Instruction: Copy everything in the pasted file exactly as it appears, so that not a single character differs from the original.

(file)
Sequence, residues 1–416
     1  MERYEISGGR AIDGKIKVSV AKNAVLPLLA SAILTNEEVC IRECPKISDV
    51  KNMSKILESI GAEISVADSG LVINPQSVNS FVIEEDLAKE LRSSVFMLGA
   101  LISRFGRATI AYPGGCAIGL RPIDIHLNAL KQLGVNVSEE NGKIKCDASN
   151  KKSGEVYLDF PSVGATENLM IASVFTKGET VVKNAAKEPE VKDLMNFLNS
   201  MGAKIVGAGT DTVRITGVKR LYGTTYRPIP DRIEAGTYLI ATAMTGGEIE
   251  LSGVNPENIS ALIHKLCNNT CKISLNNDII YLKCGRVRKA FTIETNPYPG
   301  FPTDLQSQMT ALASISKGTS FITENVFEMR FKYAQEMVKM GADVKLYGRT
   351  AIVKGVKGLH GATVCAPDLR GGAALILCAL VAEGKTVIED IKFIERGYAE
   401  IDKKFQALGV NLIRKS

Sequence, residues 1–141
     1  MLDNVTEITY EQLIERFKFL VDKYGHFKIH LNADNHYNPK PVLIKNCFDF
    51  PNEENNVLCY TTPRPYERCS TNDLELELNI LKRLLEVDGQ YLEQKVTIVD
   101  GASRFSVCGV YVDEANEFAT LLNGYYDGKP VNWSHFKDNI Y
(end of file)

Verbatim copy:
Sequence, residues 1–416
     1  MERYEISGGR AIDGKIKVSV AKNAVLPLLA SAILTNEEVC IRECPKISDV
    51  KNMSKILESI GAEISVADSG LVINPQSVNS FVIEEDLAKE LRSSVFMLGA
   101  LISRFGRATI AYPGGCAIGL RPIDIHLNAL KQLGVNVSEE NGKIKCDASN
   151  KKSGEVYLDF PSVGATENLM IASVFTKGET VVKNAAKEPE VKDLMNFLNS
   201  MGAKIVGAGT DTVRITGVKR LYGTTYRPIP DRIEAGTYLI ATAMTGGEIE
   251  LSGVNPENIS ALIHKLCNNT CKISLNNDII YLKCGRVRKA FTIETNPYPG
   301  FPTDLQSQMT ALASISKGTS FITENVFEMR FKYAQEMVKM GADVKLYGRT
   351  AIVKGVKGLH GATVCAPDLR GGAALILCAL VAEGKTVIED IKFIERGYAE
   401  IDKKFQALGV NLIRKS

Sequence, residues 1–141
     1  MLDNVTEITY EQLIERFKFL VDKYGHFKIH LNADNHYNPK PVLIKNCFDF
    51  PNEENNVLCY TTPRPYERCS TNDLELELNI LKRLLEVDGQ YLEQKVTIVD
   101  GASRFSVCGV YVDEANEFAT LLNGYYDGKP VNWSHFKDNI Y